UMBC: Calm in a Storm

Published: Mar 20, 2014

Calm in a Storm

Graduate student Sako Narita provides disaster response in the Philippines

It was the middle of the night when Sako Narita received an urgent phone call from Japan with a request: a disaster response team headed for the Philippines after Typhoon Haiyan needed her expertise.

The call did not come as a surprise to Narita ’04, interdisciplinary studies (international emergency health services), currently a master’s student in emergency health services (EHS). She had prior experience providing disaster response for the 2011 earthquake and tsunami in her native Japan and a previous typhoon in the Philippines in 2012. This time, she had to be ready in a matter of days to travel with the Japan-based Humanitarian Medical Assistance (HuMA) disaster response team.

Narita spent ten days in the Philippines in November 2013 providing needs assessment: assisting patients, negotiating with local and international health and government organizations, setting up mobile medical clinics, and doing whatever she could to ensure typhoon victims received the care they needed.

“Believe it or not, the people were more positive than we expected. Sometimes people were already moving on—they started a new life and started building new houses,” says Narita. “But deep inside, they still are struggling.”

Negotiating Solutions

In addition to providing needs assessment and medical assistance, a big part of Narita’s job was negotiation—a skill she has developed through both hands-on experience and her EHS education at UMBC.

The on-the-ground situation during Narita’s first mission in the Philippines in 2012 required her to negotiate with local officials to gain access to the disaster site for HuMA. During her more recent trip, she used her negotiation skills again to discuss partnering with an Israeli disaster response team that she previously worked with in Japan.

How did Narita feel prepared to serve in such a critical role? “All of my knowledge about disaster response I got at UMBC,” she reflects.

As a student from Japan interested in studying medicine and emergency health services, Narita says the decision to come to UMBC was easy given the EHS department’s international reputation as a leader in its field.

“What makes our program different from every other program is that our focus is on that area of overlap between public health and emergency management,” explains Rick Bissell, EHS professor and graduate program director. The graduate program teaches emergency clinical response, management and public health, and prepares students like Narita to meet everyday and disaster-related emergency health needs in both domestic and international situations.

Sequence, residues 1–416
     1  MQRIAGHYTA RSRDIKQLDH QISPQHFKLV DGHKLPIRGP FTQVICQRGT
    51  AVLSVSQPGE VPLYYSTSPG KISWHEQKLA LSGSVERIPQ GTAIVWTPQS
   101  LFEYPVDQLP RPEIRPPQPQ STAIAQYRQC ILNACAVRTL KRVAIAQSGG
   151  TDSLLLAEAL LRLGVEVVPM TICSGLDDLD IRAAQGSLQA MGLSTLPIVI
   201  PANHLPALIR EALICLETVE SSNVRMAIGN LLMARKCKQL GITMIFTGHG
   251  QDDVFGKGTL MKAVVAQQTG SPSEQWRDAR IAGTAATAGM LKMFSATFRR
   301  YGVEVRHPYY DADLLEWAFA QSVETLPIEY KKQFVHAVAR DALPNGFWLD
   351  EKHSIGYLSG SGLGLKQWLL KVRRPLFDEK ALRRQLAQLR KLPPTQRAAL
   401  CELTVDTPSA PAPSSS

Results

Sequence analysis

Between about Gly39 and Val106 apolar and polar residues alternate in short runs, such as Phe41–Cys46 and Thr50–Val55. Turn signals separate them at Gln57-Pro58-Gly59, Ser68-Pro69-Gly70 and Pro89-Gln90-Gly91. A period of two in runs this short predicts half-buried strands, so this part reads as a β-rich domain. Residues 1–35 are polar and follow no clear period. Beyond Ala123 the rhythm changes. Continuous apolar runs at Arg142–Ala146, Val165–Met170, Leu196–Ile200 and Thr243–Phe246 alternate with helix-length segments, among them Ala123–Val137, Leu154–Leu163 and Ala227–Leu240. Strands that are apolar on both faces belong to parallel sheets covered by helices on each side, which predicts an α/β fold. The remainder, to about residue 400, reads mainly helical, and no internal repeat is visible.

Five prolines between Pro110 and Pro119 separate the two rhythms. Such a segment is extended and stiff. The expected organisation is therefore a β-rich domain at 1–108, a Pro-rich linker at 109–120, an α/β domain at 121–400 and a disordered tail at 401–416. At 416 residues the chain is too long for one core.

The Whole Person

The EHS department began at UMBC in 1980, following Maryland’s national leadership in developing a statewide emergency medical services program in the 1970s. The department historically has had strong relationships with agencies such as the Maryland Institute for Emergency Medical Services Systems (MIEMSS) and University of Maryland Shock Trauma Center, as well as several state, county and local emergency health service providers.

Those partners, who have played such an important role in providing training opportunities for EHS students, are now the beneficiaries of the EHS program. Today, alumni serve in a variety of roles—locally and around the globe—as physicians, EMS directors and coordinators. Jonathan Bratt is the MIEMSS coordinator for region 5, which covers Montgomery, Prince George’s, Calvert, Charles and St. Mary’s counties. Christoph Redelsteiner served as chief of EMS for the Vienna, Austria Red Cross before joining the faculty of St. Pölten University of Applied Sciences in Austria. One alumnus, physician Matt Levy, has returned to UMBC to serve as EHS medical director.

“We educate the whole person,” says Bruce Walz, professor and chair of the EHS department. “What we’ve heard back from employers is that our students know how to think. They’re not just doing a protocol. They know why they’re doing that protocol, they know why they’re giving that drug and they can make those decisions in the field.”

This priority on educating students as “whole people” is evident in the work of EHS alumni and students like Sako Narita, who is also a national registered paramedic and Maryland emergency medical technician-paramedic. The level of dedication and quality of work the program’s graduates are known for propels them to the top of their field, while also having a palpable impact on patients’ lives and on communities in need.

“HuMA could contact me again,” Narita says, “and I hope they do.”


Homepage image: © Herman Lumanog |

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